In a four-part series, the co-authors of “The Growing Strength of Public Media Local Journalism” have excerpted their findings for the Current readership. In the report, the co-authors make the case for why public media stations are well positioned to play a meaningful role in efforts to rebuild local news. You can find the full report, including an introduction, methodology and report background, here. This research was made possible through the generous support of the Wyncote Foundation, for which we are grateful.
The strength of the public radio audience
It is easy to overlook or underestimate the size of NPR member stations’ audience reach. NPR’s most recent estimate for its total weekly audience was 53 million audience members in fall 2021. (This represents a slight decline from spring and fall 2020 — which saw a jump to 60 million during the beginning of the COVID-19 pandemic and a U.S. presidential election — but an overall increase from 2016 through 2019.)1
Part of NPR and NPR stations’ popularity stems from the popularity of commuting-time listening. In May 2022, NPR-affiliated stations were the No. 1 news stations during morning and/or evening drive times in 31 of the top 50 media markets, based on Average Quarter Hour (AQH, or the number of people listening within a 15-minute period) among those ages 25 to 54. Furthermore, NPR-affiliated stations were the No. 1 news stations during morning and/or evening drive times in the top 10 media markets. In fall 2021, All Things Considered reached 11.4 million people each week, and Morning Edition reached 11.8 million, according to Nielsen Audio metrics. The next largest audience for a non-NPR news radio program, The Sean Hannity Show, clocked in at less than half that size with an audience of just over 5 million in fall 2021.2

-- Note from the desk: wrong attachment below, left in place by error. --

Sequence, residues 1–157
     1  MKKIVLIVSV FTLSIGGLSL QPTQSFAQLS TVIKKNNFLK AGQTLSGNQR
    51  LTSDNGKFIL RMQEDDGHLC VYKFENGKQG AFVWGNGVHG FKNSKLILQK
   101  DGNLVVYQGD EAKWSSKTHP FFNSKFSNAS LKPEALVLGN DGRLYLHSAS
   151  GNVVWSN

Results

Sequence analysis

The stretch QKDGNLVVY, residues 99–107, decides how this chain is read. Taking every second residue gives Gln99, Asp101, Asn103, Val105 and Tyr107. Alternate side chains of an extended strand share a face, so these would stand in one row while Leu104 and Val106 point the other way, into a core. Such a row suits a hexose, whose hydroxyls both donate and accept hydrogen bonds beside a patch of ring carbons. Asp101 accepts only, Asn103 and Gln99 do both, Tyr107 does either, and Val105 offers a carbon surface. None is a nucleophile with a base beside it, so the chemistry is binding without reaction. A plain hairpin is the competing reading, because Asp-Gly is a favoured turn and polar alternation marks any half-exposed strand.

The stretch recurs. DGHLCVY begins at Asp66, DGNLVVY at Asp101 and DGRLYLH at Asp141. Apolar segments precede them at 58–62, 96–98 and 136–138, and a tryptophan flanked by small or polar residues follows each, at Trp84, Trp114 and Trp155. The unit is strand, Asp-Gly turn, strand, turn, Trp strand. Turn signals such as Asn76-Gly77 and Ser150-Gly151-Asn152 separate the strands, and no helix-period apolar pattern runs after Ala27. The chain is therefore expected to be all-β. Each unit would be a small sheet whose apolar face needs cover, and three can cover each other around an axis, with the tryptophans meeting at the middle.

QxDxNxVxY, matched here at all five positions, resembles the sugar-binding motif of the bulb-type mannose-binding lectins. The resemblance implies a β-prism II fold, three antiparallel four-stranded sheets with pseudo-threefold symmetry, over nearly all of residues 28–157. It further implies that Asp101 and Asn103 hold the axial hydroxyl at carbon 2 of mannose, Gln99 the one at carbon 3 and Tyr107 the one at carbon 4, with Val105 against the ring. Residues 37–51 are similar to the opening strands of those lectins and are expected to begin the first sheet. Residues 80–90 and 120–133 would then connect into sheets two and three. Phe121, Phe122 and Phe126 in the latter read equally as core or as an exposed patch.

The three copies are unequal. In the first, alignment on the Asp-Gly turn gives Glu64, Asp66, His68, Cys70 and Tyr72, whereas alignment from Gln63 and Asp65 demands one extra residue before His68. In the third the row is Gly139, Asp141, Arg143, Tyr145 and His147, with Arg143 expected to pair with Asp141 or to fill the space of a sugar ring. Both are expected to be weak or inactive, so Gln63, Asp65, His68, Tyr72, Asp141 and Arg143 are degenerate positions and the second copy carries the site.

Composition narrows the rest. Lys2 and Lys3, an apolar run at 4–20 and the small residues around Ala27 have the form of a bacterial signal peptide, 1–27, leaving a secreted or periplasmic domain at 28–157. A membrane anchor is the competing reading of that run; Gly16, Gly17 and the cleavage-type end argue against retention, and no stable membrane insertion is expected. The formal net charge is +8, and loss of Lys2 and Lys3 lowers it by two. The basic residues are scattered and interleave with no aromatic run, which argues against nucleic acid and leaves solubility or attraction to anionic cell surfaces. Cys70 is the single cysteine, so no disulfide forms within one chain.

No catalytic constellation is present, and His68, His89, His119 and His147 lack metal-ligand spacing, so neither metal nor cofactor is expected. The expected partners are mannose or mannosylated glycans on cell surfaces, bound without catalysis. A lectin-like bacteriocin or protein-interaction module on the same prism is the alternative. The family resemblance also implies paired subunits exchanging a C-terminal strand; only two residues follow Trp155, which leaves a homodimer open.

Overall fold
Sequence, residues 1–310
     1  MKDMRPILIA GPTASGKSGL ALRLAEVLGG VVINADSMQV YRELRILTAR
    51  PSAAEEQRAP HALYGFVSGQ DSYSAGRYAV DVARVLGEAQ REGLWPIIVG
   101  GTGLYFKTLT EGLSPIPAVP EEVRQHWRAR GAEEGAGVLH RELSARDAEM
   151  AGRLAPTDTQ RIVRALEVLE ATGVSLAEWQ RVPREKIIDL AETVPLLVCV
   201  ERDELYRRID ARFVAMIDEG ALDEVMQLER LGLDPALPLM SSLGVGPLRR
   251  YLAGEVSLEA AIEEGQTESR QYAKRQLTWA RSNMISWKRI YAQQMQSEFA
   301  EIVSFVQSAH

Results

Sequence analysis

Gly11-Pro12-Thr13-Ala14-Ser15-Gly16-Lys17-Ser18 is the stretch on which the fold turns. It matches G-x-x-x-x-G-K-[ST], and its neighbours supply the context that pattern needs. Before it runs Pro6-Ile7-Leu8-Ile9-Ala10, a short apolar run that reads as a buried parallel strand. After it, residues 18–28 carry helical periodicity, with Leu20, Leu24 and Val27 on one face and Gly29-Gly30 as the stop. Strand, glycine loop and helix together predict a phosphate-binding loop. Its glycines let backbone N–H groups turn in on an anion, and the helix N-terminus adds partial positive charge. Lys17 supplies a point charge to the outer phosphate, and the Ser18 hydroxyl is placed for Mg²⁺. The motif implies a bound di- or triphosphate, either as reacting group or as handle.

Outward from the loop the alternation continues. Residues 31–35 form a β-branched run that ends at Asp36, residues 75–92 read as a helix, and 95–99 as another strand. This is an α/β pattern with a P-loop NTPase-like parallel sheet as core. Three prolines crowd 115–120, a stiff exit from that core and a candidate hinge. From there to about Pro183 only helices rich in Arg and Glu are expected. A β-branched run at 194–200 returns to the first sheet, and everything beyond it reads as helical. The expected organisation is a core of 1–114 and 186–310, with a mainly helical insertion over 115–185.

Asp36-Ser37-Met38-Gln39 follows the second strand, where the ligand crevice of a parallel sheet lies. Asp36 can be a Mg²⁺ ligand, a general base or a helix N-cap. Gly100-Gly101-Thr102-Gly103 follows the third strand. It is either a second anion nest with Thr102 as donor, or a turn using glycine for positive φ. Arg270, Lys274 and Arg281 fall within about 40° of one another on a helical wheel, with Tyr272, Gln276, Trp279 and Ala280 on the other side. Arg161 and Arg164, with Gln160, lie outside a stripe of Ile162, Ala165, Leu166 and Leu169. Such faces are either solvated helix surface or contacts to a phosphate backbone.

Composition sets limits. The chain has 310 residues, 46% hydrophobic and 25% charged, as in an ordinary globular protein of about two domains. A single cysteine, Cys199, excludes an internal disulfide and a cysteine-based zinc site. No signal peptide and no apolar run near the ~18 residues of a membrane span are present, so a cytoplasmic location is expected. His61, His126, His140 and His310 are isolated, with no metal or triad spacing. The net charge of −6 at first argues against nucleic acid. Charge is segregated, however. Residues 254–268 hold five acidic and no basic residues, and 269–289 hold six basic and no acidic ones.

Focusing on broadcast audiences, we find that the audience for public radio is both large and stable. For the past decade, the weekly audience for public stations has held steady at roughly 30 million listeners, according to data provided by Station Resource Group, which performed this analysis using Nielsen Audio data. NPR estimates that in fall 2021, the weekly audience for all of public radio was 35.8 million. Looking specifically at the weekly broadcast audience numbers for NPR member stations, the total for 2021 came to 33 million. In 2011, that number was more than 34 million, and in 2001, that number was more than 25 million.